CORPORATE ACTION: Procter & Gamble

The OPRL Recycling Label Scheme In The UK Adds P&G To Its List Of Partners

Procter & Gamble in the UK has joined the On-Pack Recycling Label (OPRL) Scheme, during UK Recycle Week. The company said that the scheme provides consumers with “simple, consistent and recognizable recycling guidance”, and that it’s a “significant milestone” in its ‘Ambition 2030’ initiative aimed at reaching 100% of product packaging that is recyclable or reusable. P&G’s senior communications manager, Scott Popham, said that company research shows that on-pack guidance is the most important piece of recycling information for consumers, and they are looking for consistent advice. OPRL research found that 84% of consumers look at packaging for advice on recycling, but 54% throw at least one recyclable item in the trash every day. Launched in 2009, the OPRL scheme now covers over 600 brands across various sectors.[Image Credit: © Procter & Gamble]


New Sustainability Report Outlines SC Johnson’s Progress On Plastic Waste Reduction

SC Johnson has provided an update on its plastic waste reduction efforts as part of its 2018/19 Sustainability Report, and has confirmed that it’s on track to meet its 2025 commitments on plastic waste. Today, 94% of its plastic packaging is recyclable, reusable or compostable, up from 90% in the previous financial year, and the company continues to discuss with experts the issue of plastic in marine ecosystems. The company has also partnered with Plastic Bank to explore plastic waste solutions. SC Johnson uses 100% post-consumer recycled bottles in several product lines and this year introduced a 100% recycled ocean plastic bottle. It has also broadened its concentrated refill options on e-commerce sites in North America and the U.K., with a wider rollout planned. The company’s Chairman and CEO, Fisk Johnson, says the world is at a tipping point on plastics, with companies, governments and consumers making changes, but there are “no easy solutions”.[Image Credit: © S. C. Johnson & Son, Inc.]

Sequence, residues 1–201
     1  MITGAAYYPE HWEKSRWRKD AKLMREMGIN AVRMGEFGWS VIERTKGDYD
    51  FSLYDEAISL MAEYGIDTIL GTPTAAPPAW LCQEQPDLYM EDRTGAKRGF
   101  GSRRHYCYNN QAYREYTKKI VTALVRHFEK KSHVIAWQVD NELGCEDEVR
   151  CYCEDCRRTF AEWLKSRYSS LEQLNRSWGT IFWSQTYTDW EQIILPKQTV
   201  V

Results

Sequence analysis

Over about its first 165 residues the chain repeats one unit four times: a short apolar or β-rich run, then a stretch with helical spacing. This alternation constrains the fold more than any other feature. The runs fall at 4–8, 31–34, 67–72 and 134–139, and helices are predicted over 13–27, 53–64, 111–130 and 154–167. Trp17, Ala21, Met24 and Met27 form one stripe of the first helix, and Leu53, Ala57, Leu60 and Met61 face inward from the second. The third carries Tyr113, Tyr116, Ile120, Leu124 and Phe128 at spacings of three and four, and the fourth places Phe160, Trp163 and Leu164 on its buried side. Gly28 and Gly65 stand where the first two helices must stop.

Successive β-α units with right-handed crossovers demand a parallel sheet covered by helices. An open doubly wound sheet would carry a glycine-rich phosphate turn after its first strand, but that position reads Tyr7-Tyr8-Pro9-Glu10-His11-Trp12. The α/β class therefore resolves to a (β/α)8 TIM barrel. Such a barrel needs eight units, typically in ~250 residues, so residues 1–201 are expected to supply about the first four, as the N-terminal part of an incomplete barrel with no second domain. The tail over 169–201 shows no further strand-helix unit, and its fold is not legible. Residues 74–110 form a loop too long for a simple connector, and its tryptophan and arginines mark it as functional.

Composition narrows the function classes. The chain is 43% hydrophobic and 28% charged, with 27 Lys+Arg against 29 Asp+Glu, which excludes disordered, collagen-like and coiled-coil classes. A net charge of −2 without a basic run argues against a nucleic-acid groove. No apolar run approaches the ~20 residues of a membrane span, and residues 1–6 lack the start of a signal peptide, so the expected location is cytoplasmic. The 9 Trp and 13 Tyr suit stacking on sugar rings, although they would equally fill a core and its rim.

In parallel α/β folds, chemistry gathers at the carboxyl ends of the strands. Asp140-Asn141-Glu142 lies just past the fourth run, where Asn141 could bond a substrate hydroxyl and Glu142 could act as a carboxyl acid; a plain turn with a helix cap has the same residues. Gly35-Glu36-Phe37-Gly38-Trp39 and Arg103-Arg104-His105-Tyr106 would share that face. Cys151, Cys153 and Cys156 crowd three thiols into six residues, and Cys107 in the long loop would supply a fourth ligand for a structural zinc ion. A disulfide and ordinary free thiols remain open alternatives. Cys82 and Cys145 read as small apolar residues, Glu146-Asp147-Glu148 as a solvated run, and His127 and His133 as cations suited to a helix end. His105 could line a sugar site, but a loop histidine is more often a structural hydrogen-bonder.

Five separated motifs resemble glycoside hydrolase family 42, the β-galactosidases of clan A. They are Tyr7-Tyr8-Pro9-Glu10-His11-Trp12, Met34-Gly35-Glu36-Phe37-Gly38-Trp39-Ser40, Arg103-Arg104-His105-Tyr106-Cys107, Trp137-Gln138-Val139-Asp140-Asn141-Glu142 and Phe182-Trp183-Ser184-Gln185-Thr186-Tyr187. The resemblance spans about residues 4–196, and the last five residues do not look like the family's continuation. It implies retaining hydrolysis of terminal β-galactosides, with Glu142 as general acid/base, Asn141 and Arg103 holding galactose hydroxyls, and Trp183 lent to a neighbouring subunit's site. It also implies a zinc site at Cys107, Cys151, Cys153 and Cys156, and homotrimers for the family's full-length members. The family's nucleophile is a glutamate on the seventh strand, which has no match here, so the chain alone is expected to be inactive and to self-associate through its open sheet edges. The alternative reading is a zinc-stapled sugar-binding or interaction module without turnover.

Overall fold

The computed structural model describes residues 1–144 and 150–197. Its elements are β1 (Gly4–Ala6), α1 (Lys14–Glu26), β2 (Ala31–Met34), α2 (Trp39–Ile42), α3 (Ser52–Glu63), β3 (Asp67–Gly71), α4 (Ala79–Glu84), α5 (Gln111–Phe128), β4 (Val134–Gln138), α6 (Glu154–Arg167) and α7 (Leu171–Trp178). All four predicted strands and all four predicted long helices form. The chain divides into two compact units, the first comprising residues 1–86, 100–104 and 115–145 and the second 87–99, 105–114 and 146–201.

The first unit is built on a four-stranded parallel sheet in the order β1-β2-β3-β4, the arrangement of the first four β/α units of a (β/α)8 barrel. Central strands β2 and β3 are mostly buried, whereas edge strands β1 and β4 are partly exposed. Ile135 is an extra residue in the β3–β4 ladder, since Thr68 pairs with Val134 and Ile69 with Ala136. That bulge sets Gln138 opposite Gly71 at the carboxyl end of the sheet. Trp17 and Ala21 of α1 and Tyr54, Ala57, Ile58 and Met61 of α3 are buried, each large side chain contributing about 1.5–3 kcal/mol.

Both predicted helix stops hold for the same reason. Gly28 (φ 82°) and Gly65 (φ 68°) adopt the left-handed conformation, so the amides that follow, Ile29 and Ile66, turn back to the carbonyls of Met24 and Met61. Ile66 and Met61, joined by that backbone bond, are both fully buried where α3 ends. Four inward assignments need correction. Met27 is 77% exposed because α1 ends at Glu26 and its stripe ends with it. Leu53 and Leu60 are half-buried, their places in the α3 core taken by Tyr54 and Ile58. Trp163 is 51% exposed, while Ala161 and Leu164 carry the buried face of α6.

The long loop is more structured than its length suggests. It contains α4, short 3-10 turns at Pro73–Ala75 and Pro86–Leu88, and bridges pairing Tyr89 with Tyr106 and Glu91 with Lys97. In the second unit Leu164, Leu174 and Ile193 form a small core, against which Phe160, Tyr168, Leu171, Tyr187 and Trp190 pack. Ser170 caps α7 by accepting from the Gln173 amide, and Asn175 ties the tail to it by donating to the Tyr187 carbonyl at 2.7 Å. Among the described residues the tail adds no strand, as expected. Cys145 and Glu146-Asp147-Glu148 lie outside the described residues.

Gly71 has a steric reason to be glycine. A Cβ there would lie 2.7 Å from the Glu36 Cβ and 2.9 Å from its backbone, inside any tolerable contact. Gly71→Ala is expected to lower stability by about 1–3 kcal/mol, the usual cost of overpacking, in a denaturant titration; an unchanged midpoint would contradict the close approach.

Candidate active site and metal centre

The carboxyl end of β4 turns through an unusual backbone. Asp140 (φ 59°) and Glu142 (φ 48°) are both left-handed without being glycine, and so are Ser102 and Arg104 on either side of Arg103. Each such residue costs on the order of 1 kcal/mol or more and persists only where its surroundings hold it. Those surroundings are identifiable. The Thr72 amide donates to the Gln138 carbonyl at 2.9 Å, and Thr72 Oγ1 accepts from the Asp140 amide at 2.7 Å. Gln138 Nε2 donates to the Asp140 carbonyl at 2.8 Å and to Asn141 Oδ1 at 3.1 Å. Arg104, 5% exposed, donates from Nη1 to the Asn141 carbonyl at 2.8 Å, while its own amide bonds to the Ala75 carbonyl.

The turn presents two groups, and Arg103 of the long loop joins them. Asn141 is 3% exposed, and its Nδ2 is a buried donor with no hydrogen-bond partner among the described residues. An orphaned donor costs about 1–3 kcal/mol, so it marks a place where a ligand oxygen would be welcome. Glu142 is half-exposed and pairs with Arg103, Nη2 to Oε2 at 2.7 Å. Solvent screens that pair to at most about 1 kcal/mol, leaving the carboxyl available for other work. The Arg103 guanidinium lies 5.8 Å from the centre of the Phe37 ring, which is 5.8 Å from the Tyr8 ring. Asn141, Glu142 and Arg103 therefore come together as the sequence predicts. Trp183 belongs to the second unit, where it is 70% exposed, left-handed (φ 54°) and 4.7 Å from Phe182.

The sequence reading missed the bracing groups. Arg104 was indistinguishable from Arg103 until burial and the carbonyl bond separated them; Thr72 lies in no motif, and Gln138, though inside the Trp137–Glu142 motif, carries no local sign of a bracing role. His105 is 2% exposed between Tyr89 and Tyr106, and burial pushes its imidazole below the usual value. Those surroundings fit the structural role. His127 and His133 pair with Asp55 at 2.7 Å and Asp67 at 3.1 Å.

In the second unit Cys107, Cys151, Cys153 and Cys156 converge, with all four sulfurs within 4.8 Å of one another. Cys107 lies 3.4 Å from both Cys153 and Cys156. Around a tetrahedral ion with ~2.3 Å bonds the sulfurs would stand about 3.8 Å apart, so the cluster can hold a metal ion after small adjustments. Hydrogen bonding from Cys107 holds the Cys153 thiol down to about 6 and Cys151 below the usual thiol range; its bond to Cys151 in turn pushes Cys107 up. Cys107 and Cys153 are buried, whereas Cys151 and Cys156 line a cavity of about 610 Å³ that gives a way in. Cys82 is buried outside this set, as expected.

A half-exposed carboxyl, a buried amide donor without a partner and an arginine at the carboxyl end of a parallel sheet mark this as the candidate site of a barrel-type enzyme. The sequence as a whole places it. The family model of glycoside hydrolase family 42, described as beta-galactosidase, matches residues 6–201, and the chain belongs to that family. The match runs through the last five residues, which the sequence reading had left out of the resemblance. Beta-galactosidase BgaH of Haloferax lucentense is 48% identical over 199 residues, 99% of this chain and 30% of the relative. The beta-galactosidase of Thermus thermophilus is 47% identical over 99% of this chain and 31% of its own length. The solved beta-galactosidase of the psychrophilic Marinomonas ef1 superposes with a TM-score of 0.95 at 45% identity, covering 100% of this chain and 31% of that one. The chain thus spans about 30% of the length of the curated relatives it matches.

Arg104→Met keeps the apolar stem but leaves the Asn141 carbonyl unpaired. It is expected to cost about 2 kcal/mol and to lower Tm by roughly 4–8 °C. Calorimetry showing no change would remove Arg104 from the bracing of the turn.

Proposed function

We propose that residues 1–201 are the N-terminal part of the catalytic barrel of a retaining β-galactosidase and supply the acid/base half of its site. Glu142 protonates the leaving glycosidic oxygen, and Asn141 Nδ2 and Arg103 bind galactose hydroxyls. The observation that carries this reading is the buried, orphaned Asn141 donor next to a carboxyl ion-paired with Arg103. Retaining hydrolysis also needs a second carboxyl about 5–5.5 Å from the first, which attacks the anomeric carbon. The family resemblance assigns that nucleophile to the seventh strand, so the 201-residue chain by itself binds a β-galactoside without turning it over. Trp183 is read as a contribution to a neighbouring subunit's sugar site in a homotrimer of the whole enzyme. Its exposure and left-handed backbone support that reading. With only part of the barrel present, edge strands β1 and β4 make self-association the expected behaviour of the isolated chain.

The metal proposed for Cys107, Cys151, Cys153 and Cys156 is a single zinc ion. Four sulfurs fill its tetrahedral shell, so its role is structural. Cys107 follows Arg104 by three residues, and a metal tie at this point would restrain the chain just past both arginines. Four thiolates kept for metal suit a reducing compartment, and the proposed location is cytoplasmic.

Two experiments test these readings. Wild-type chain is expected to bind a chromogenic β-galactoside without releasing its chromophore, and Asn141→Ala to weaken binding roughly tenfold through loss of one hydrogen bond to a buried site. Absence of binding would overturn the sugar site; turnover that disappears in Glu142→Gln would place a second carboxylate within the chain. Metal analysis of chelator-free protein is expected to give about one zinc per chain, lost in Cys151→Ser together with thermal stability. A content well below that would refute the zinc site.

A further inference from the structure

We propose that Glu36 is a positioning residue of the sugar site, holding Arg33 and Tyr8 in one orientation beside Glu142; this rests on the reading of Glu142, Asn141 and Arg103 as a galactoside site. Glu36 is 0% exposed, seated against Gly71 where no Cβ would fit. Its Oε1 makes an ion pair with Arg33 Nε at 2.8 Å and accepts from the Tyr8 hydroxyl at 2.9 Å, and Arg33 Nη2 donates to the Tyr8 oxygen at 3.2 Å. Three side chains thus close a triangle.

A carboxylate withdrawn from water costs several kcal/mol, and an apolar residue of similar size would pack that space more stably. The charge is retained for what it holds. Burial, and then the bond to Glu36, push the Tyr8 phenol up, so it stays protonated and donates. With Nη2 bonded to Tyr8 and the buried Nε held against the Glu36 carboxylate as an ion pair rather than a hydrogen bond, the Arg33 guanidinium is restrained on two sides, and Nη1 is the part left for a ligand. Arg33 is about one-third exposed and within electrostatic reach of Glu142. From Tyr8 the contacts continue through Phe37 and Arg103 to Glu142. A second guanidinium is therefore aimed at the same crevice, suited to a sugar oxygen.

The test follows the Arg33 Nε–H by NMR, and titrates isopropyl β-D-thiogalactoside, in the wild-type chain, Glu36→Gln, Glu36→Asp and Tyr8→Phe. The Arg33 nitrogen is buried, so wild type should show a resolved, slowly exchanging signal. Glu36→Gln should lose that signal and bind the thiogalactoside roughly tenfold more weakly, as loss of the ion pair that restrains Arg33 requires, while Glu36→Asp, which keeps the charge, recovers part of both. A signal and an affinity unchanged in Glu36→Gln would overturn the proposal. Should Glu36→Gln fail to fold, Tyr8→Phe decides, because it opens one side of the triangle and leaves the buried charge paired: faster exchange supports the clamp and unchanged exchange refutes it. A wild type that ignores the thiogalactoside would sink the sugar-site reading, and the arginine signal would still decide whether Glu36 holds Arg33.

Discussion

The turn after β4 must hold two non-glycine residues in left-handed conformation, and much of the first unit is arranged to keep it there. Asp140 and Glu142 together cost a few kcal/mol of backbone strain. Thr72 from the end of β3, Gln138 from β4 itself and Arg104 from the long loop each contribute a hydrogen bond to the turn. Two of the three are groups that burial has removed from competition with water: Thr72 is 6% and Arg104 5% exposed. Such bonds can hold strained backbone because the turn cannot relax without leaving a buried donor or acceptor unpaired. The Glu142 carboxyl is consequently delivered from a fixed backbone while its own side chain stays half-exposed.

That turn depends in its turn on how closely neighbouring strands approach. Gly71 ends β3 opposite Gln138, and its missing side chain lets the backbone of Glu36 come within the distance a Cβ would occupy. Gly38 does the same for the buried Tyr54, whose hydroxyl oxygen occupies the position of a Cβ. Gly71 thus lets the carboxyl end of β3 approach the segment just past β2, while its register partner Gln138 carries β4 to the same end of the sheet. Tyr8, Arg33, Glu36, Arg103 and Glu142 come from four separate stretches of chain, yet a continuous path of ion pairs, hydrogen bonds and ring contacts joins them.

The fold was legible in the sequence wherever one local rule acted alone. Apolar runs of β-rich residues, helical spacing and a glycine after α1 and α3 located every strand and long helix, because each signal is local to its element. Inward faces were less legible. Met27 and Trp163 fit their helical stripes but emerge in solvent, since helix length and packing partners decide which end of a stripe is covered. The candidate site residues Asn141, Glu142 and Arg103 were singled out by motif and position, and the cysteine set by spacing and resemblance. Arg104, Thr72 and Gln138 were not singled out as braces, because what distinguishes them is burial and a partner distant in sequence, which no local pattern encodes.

PureCycle Technologies Is Recycling Polypropylene At Scale

Only 3% of polypropylene is recycled in the US, but that might soon change. It’s currently difficult to recycle, and its use as recycled content is limited, but John Layman, a Procter & gamble chemist, has been working on a way to purify it at a molecular level. The result, he claims, is clear and nontoxic pellets, with no odor, which can be turned into bottles that use a fraction of the energy needed for virgin polypropylene. P&G has licensed the technology via a startup called PureCycle Technologies, which ran the process at commercial scale in July this year. The company has signed deals with a number of manufacturers, including Nestlé and L’Oréal, as well as P&G, and has presold over 20 years of output from the capacity of its first plant. It aims to rollout the technology elsewhere in the US, and also Europe. The plant has been able to successfully recycle polypropylene used in almost every application, with the focus currently on recycling the polypropylene from old carpets.[Image Credit: © Monfocus from Pixabay]

Napolina In The UK Is Switching To Cardboard Packaging For Some Dried Pasta SKUs